President’s Blog – A Hidden Gem
Niall Gibbons, CEO of Tourism Ireland, said last week that St. Patrick’s Day traditionally means the start of the tourism season here in Ireland. It was against this background that I was pleased to receive last Friday from Sligo Tourism a copy of their new 2019 brochure. Spread across eight colourful glossy pages are eye catching photographic backdrops of Sligo as well as a comprehensive listing of some 25 arts and cultural events starting in early May and extending to November for the International Choral Festival. As I have mentioned previously, Tourism is one of the key pillars for Sligo Chamber and our Vision is by 2040, Sligo and the North West will attract 2 million visitors annually to enjoy our adventure, culture and food experiences here in the northern part of the Wild Atlantic Way.
Apart from the quality of the brochure and the impressive and varied listing of events, what I was really drawn to was the extent of the coverage given to Sligo’s archaeological and mythological heritage and to the reference of there being over 5,000 archaeological sites in the county. Inspired by this and by the invitation from Sligo Tourism “to take a journey back through time to walk in the footsteps of Iron Age communities”, I set off early on St. Patrick’s Day with my son and archaeological student CJ, to explore some of Sligo’s ancient past, a past pre-dating even St. Patrick.
Leaving for another day the more well known and recognised archaeological sites of Carrowkeel, Creevykeel, Knocknarea and Carrowmore, we journeyed west from Ballisodare in search of Skibbolecorragh, an ancient ring fort situated directly on the Sligo coastline. Leaving the N59 after Beltra, we headed in the direction of the coast searching for the townland of Derkmore. Kindly assisted by the timely and surprising presence of a signpost, we turned right and headed directly towards the coast passing Derkmore reaching the sea at Derkbeg at the site of the splendidly maintained old Coastguard Station building and boathouse. Having travelled barely 20 kilometres from Sligo, we parked up to continue our journey on foot across the headland along a hidden yet discernible path over stiles and fences all the while being guided by the mounded ringfort in the distance, its presence growing ever larger drawing us ever closer until finally we reached our destination.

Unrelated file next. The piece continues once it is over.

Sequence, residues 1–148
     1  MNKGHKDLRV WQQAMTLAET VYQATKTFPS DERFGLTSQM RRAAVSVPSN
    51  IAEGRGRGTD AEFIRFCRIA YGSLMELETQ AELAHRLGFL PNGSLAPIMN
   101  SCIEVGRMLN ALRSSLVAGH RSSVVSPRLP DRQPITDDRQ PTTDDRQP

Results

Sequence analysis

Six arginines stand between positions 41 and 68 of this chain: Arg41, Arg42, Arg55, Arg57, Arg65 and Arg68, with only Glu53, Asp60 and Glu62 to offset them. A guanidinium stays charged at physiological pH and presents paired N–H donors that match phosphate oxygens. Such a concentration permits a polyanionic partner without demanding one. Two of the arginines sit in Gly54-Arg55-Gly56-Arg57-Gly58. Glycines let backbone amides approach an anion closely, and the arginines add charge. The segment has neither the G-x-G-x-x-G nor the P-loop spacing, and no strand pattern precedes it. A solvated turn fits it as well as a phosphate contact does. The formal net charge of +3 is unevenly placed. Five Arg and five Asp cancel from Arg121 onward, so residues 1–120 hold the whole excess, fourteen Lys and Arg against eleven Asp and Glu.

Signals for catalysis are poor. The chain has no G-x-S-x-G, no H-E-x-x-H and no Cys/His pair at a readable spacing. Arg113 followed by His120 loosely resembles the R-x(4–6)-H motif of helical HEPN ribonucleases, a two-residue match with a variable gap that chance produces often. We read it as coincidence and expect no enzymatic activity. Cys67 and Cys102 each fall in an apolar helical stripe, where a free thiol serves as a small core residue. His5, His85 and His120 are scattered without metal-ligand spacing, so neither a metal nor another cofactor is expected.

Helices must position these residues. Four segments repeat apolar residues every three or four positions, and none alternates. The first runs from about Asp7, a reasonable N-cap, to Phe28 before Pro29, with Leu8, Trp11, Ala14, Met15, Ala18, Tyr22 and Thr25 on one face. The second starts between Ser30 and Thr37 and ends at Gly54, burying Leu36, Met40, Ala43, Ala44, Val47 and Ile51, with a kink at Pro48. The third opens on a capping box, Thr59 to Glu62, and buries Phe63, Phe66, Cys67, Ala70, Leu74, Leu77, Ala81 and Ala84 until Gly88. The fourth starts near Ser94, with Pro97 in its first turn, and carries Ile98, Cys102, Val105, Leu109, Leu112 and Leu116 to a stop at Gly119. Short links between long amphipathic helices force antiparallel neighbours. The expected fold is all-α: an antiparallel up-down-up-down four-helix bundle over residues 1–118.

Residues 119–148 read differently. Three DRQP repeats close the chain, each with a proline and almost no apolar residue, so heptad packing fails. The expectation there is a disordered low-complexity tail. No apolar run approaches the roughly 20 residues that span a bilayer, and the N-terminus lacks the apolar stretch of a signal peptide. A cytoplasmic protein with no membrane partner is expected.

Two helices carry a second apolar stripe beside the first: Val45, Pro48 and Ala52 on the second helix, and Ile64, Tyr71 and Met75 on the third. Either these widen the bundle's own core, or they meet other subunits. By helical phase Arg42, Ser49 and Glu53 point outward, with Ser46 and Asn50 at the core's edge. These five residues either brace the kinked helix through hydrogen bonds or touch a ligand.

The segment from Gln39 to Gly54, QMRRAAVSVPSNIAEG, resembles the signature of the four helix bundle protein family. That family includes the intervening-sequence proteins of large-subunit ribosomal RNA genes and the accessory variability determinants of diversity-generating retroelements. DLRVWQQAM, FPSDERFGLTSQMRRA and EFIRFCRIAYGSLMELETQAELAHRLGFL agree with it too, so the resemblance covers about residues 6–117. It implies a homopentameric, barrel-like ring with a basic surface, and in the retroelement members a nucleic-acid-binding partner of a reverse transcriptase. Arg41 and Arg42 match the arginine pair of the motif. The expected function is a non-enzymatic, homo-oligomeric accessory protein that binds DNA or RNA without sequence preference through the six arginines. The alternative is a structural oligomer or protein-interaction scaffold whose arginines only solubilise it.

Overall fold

Situated directly above sea cliffs, this large, circular ringfort did not disappoint. Extending to a protective height of almost 8 metres on the landside, a large portion of the seaward side is occupied by a naturally occurring sea inlet known as “The Derk Hole”. Perched high above the sea, we could only marvel at the choice of this ancient location at Skibbolecorragh given the panoramic view of Sligo Bay and the level of protection afforded by the high rising cliffs, a surrounding trench and the elevated ringfort itself. Today, the ringfort is guarded by a large and vocal raven, who you could easily imagine carrying notes “Game of Thrones” style to the other ancient sites across the county. For those with ornithological interests, the raven’s nest is clearly visible located halfway down the sea facing cliff, sheltered from the wind and completely inaccessible to all other than the flying variety.
So that was it. Steps retraced back to the car and the short journey back to Sligo. Enriched and fulfilled at experiencing one of Sligo’s less known archaeological sites. Skibbolecorragh, a truly hidden gem. Thanks to Sligo Tourism for their new 2019 Brochure and for the inspiration. Thanks also to “voll.ie” for the awesome aerial photograph of Skilbbolecorragh posted on their website on Saturday.
Until next time.
Life is for living.
Life is Sligo.